Friday, July 6, 2012

Friday Rants and Raves

When I got home from work last night the power went out. It actually went out while my garage door was going up. The door stopped mid-risen and I immediately feared the rollers had jumped the track or the cable had tangled. I ducked under it and flipped the light switch so I could see what happened. No light. And I knew.

It's the second time this week we lost power. I know there are a couple hundred thousand without power out east since the weekend so this is small potatoes, but it was the third time in the past couple months and it set a couple thoughts through my mind. First, it made me think of my year in Puerto Rico where the power in San Juan was perpetually failing, with brownouts or blackouts being a near weekly routine. Second, it made me think of some futurist novel in which the people are told things are better than ever but when it fact they are deteriorating.

And so it made me concerned because it was easy to picture bad things about our future.

After a while the power did return, but my internet was down. The modem looked connected and the router lights were on, and my laptop itself said I was connected, but all efforts to go online came up void. This is not a good thing if you are a daily blogger.

I wanted to check my email, to research some things online, etc. and was in a holding pattern. Worst of all, we just switched internet providers a few months ago because of dropped connections and poor customer service.

I thought about the future again. We keep being told life is getting better, but let's look at a few details. The tax code, for example. For fifty years it has been complicated. Why can't it be simplified? Politicians talk about simplifying taxes but who has the will to do anything? It's all jawboning. In fifty years it will be as complicated as it is today, or worse.

And what about our roads? We developed the biggest and best interstate highway system in the world, back in the fifties but, as they say, things fall apart.... and from the mega-highways to the rural byways, it's not getting better.

And how can the economy get better when ten percent or more can't find jobs? (Is there anyone who really believes that the job numbers regurgitated from Washington reflect the real unemployment numbers?)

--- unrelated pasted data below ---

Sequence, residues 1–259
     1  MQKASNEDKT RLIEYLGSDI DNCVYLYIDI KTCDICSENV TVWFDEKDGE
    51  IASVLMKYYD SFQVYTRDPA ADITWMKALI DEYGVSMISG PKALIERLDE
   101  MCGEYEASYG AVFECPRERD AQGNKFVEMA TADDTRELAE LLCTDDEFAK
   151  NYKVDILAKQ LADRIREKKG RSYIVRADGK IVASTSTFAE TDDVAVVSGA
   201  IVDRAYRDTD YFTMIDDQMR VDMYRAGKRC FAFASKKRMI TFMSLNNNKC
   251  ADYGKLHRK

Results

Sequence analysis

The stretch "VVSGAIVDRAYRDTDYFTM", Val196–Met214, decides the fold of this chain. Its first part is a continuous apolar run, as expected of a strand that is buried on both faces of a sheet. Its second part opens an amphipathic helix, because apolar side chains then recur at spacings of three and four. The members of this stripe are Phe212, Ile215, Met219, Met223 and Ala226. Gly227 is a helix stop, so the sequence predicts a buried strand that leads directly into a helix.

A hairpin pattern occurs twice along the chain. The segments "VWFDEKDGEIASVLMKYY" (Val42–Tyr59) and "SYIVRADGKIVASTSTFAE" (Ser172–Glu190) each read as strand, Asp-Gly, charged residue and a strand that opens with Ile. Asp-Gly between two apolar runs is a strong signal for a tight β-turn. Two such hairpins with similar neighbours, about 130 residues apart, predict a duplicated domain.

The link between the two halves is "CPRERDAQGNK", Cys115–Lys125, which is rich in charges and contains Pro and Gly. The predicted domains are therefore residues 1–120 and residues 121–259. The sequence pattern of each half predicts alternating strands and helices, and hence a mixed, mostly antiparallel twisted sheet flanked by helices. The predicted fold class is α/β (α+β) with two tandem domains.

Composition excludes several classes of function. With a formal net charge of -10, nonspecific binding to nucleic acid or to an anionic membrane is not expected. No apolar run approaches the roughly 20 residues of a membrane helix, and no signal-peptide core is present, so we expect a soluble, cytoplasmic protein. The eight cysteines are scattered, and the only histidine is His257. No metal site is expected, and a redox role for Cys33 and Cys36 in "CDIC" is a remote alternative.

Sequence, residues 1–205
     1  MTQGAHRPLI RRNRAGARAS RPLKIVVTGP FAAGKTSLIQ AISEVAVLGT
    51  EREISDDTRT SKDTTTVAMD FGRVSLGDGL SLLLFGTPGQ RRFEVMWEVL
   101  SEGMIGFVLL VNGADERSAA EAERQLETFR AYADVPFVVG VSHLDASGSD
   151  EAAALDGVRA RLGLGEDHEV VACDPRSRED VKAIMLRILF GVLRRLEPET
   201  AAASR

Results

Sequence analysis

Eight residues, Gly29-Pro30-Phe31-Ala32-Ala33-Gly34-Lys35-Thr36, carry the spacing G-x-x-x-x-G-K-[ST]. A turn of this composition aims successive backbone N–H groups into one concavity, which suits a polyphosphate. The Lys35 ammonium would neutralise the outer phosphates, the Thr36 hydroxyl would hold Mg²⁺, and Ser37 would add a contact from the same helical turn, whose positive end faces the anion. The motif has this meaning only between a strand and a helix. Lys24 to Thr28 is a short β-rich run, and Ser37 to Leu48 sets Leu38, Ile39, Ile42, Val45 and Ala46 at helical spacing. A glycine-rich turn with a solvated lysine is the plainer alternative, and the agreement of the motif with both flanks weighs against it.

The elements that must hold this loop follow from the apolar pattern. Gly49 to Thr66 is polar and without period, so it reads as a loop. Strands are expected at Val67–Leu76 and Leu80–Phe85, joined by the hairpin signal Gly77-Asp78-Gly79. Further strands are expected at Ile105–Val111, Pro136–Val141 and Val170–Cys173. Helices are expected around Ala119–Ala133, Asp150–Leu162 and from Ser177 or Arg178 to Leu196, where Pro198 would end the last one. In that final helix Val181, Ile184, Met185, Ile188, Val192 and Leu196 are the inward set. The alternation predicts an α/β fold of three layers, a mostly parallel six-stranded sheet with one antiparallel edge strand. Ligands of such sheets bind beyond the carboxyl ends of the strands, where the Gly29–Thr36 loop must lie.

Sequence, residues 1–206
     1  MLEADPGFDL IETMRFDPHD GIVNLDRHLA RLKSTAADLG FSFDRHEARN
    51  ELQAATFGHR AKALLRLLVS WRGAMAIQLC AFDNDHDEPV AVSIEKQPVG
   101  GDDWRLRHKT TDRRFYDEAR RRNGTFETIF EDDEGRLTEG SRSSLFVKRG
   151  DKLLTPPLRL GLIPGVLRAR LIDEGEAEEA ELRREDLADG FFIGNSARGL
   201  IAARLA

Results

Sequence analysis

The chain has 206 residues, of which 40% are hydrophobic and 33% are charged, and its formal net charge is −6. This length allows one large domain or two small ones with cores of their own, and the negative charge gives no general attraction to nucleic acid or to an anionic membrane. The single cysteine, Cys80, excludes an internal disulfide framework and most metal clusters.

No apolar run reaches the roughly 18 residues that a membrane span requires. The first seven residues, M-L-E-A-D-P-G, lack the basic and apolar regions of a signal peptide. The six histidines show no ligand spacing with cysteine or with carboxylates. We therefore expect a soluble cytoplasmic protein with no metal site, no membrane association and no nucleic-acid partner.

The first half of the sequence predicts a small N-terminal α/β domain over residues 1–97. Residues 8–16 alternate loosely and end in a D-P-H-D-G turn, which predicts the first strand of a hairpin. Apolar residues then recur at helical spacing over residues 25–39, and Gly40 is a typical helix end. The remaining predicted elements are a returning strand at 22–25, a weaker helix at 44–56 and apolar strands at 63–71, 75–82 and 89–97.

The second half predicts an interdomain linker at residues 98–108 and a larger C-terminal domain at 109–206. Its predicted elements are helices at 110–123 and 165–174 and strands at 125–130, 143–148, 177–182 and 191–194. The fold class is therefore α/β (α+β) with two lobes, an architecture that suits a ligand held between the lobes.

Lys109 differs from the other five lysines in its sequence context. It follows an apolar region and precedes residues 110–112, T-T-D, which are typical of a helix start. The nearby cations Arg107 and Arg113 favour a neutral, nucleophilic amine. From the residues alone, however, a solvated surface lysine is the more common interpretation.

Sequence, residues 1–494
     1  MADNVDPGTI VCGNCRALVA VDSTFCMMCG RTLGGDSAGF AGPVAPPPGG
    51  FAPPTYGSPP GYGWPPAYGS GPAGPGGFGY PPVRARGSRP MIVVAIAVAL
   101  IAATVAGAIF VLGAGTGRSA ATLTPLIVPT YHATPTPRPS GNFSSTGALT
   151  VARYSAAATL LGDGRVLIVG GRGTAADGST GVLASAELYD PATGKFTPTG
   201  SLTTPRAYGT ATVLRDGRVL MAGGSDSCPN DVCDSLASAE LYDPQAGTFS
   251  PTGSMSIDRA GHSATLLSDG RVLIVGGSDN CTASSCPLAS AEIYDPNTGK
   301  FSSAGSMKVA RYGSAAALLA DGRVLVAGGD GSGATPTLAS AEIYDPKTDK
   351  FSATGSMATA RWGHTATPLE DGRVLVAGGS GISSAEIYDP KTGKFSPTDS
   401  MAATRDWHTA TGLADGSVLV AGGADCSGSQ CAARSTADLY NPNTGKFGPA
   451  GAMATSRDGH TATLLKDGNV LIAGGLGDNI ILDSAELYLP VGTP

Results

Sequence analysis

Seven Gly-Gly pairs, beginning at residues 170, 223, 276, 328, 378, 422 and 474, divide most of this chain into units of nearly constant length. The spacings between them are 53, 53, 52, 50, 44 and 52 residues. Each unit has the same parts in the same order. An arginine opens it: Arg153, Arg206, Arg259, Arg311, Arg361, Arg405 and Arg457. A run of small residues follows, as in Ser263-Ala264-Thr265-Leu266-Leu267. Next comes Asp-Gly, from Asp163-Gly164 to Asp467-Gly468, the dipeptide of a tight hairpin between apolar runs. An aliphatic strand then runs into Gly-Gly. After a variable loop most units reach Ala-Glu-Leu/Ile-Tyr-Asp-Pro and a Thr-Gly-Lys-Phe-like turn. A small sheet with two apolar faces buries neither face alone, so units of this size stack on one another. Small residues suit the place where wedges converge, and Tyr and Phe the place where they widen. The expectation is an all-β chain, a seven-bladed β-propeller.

And then there's television. How has it come about that being tasteless and rude and mean is interesting or popular? The more outrageous the better the ratings. Television's power to influence is as strong as ever and I find this disturbing, as illustrated in this political cartoon.

And so it is that our minds don't work right when we rant, as illustrated in  Luis Buñuel's famous 1929 film Un Chien Andalou (An Andalusian Dog). Picture a rope going down into a dark well that is being pulled up and all tied and tangled in the rope are these various things like dead donkeys, dead priests, a piano and other random or bizzarre elements from the hole. Who hasn't seen this very thing at some point in their lives? You get angry and everything else in the closet comes flying out in the rant, every unresolved bitterness or frustration.

So, how does it end? I will tell you.

My Rave

We have a tech guy, I will call him Jason, who installed our new dish and helped get all the connections set up for our internet service. Jason gave us his personal cell number in the event we had issues so that we would not have to deal with people in some call center far away, whether the Carolinas or India or wherever. He cared about us getting good service, far above and beyond the call of duty.  Why? Because he is a good person, a person who cares.

Good people who care about others are the reason I don't have a bleak view of tomorrow. Rains come and go, but that's life. And all our accumulated goods that break or fall apart, well, you can't take it with you anyways when you leave this orb, so why worry about it?

It would have been easy to write a complete blog entry titled Why I See Bad Things For Our Future, citing our dependence on electricity, the breakdown of our infrastructure, the lack of will by politicians, our required inconveniences as technologies change, not to mention the multitude of other issues people are railing about.
 
But guess what? In the midst of all of it, I keep bumping into people like Jason, who are generous with their time and compassionate enough to lend a helping hand to others in need, even when not required. (He could have easily given us a tech support number and finished his job by getting us set up.)

I know some of you who read this regularly are like Jason. You have no idea what a difference you're making. You give people hope, and it's my conviction that in these crazy, uncertain times, hope is our greatest need.

Thanks. It's your move.

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